Who is Megan Hess? Bio, Wiki, Age, Suspect, Police Report

Megan Hess
Megan Hess

Megan Hess Bio – Megan Hess Wiki

Megan Hess a Colorado funeral home director convicted of stealing and selling hundreds of body parts has been sentenced to 20 years in jail.


Megan Hess is 46 years old.


Megan Hess was sentenced Tuesday at a hearing in Grand Junction, Colorado for dissecting corpses and selling the remains for research purposes without family consent out of the Sunset Mesa Funeral Home in Montrose, Colorado.

Her mother Shirley Koch, 69, was also jailed for 15 years in jail for helping to cut up the bodies, the Colorado Department of Justice said in a release Tuesday.

“The defendant’s conduct was horrific and morbid and driven by greed,” U.S. Attorney Cole Finegan said in the release, which stated the details of the duo’s plea agreements.

“They took advantage of numerous victims who were at their lowest point given the recent loss of a loved one. We hope these prison sentences will bring the victim’s family members some amount of peace as they move forward in the grieving process. We sincerely hope this punishment deters like-minded fraudsters in the future.”

“These two women preyed on vulnerable victims who turned to them in a time of grief and sadness. But instead of offering guidance, these greedy women betrayed the trust of hundreds of victims and mutilated their loved ones,” added FBI Denver Acting Special Agent in Charge Leonard Carollo.

“Without knowledge or consent, the women disrespected the wishes of the grieving victims and degraded the bodies of their family members to sell them for profit. These two criminals continued in their atrocities for years, showing no remorse or contrition even after they were exposed. Nothing can guarantee solace for the victims or repair the damage done, but perhaps this sentence can mark the end of a horrible chapter in their lives.”

The mother-and-daughter pair were first arrested in 2020 and charged with six counts of mail fraud and three counts of illegal transportation of hazardous materials, reported ABC News.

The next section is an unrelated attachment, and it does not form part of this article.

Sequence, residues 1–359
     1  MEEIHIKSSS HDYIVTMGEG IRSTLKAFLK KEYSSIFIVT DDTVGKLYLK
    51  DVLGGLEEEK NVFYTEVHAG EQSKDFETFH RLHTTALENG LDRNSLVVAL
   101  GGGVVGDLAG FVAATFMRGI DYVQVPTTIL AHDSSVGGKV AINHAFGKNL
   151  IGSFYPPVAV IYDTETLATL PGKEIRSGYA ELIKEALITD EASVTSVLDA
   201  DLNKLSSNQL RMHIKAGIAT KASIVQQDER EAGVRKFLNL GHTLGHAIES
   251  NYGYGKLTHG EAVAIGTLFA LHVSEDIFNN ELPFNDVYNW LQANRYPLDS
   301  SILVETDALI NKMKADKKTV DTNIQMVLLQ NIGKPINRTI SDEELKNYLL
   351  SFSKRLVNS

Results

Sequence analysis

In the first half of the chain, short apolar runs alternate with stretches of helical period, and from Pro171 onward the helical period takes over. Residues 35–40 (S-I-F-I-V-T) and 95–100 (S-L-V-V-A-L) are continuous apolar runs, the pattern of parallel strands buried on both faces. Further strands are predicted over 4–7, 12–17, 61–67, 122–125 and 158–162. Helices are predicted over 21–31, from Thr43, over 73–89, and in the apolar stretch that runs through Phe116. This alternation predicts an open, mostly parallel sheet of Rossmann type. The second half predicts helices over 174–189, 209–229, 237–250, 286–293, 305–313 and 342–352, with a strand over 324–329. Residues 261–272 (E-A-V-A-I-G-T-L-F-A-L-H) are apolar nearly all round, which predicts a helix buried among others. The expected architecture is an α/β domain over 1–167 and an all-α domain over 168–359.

The outlet added that a grand jury indictment said that from 2010 through 2018, Hess and Koch offered to cremate bodies and provide the remains to families at a cost of $1,000 or more, but many of the cremations never took place.

After their arrest, Hess and Koch both pleaded guilty to one count of mail fraud and aiding and abetting, according to the Colorado Department of Justice.

According to the plea agreements, the pair sold remains far beyond those authorized by the family, which was often limited to small tissue samples, tumors, or portions of the skin.

They also shipped bodies and body parts from people carrying infectious diseases such as Hepatitis B and C, and HIV, while certifying to buyers that the remains were disease free.

“She was the business part of it,” Koch told an FBI agent after her arrest, reported The Denver Post. “I was really the labor part.”

Hess’ attorney added that cremated remains were regularly combined together in the funeral home because the pair found it “too hard’ to keep things separate,” added The Denver Post, citing a March court filing.

A victim restitution hearing is scheduled for March.